With the independence of India in 1947 and the declaration of the state of Israel in 1948, however, India-Israel relations entered a whole new era. For the large Jewish population in India, Israel’s nationhood came as a call from the holy land. Taking the cue, they decided to migrate to their land of religious origin in Israel. Some went for better economic prospects, some in the despair of the British leaving India while there were others for whom the religious calling from Israel was strong enough to head there. Post 1948, India-Israel relations have been affected not just by the Jews who made India their home, but also those who went to Israel with India in their hearts.

A complicated reception in Israel

The Jewish immigration from India to Israel and their settlement there needs to be analysed in the background of the fact that Indian Jews were not a homogenous group. Among the four sects of Jews in India, there were significant differences in origins, socio-economic backgrounds and cultural traditions. Expectedly, there were also essential ways in which the four branches disagreed with and looked down upon each other. The internal disagreements among the Indian Jews, coupled with the colour bias that came from Jews of European origin in Israel resulted in a rather complicated reception being meted out to the Indian Jews, particularly during the initial decades of migration.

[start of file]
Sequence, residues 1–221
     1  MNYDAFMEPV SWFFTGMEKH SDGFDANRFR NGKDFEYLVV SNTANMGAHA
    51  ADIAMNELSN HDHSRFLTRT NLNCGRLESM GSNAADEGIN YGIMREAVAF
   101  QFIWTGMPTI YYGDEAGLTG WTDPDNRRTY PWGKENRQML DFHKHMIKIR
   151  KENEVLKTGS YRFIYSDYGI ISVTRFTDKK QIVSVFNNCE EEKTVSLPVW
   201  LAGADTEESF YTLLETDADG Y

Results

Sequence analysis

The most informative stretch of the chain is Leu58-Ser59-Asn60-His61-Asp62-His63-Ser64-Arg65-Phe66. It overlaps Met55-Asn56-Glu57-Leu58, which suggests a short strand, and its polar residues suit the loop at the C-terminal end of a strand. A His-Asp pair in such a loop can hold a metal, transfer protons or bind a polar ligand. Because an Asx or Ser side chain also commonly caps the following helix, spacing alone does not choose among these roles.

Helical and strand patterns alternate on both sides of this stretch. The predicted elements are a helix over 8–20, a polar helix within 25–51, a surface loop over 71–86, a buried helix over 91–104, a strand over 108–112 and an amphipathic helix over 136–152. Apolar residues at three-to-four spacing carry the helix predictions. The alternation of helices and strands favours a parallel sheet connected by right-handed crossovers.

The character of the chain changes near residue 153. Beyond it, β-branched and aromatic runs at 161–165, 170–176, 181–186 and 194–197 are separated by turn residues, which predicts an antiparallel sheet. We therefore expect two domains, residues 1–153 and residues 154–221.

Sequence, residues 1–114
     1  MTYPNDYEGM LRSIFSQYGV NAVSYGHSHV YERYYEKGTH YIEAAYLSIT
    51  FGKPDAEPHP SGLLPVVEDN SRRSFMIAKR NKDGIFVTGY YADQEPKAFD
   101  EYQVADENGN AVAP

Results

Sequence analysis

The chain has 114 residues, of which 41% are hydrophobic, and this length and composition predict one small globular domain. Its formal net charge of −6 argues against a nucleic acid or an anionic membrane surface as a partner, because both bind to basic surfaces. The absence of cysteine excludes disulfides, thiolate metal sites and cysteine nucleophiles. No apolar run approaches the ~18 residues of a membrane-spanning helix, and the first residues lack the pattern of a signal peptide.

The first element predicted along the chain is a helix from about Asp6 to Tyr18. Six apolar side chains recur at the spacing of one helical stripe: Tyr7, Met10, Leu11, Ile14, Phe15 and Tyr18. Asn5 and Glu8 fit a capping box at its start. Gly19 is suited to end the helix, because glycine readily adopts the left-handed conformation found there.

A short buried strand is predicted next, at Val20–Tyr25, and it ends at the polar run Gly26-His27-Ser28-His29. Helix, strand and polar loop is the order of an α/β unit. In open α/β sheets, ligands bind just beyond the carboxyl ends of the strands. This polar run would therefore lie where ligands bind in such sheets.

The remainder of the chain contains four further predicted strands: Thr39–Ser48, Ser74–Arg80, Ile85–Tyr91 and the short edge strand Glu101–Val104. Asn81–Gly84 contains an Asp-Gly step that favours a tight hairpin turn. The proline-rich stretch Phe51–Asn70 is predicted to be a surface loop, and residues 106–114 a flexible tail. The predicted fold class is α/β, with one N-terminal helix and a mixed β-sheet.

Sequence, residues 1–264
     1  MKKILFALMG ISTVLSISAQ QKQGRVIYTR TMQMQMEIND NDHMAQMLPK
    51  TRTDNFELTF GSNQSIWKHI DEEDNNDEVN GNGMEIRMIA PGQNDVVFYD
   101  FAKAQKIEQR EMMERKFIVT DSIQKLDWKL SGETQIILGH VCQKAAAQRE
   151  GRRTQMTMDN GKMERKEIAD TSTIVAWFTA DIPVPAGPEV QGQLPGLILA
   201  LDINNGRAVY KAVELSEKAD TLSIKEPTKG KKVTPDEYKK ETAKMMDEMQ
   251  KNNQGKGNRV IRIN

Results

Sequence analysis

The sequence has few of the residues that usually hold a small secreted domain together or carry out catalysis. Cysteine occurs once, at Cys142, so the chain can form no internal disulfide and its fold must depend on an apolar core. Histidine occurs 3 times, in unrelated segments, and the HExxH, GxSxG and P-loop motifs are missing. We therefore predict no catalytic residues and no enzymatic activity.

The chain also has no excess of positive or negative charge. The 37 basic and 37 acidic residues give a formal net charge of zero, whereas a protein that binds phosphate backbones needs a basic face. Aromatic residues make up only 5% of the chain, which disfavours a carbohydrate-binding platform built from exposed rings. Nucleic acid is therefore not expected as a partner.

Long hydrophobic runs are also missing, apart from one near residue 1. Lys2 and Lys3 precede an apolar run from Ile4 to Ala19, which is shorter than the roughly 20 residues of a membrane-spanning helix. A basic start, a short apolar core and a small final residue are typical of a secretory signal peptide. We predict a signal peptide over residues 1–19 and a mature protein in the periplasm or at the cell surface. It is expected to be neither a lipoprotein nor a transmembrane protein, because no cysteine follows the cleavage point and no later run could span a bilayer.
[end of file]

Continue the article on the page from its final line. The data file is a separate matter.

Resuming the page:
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The Bene Israelis, who mostly originated from Maharashtra, were reportedly the ones to have faced maximum discrimination upon landing in Israel. Between 1948 and 1952 approximately 2300 Bene Israelis are reported to have migrated to Israel. By the end of 1950s, a number of media reports pointed out to the racism being experienced by the community in Israel. Schifra Strizower, an expert on Jewish studies, notes in his work that, “Indeed, in the early 1950s a number of Bene Israel, were unable to come to terms with life in Israel because they explained, ‘there is much discrimination against our community, particularly in jobs and housing; and in any case, we were not properly informed what life in Israel was going to be like.’”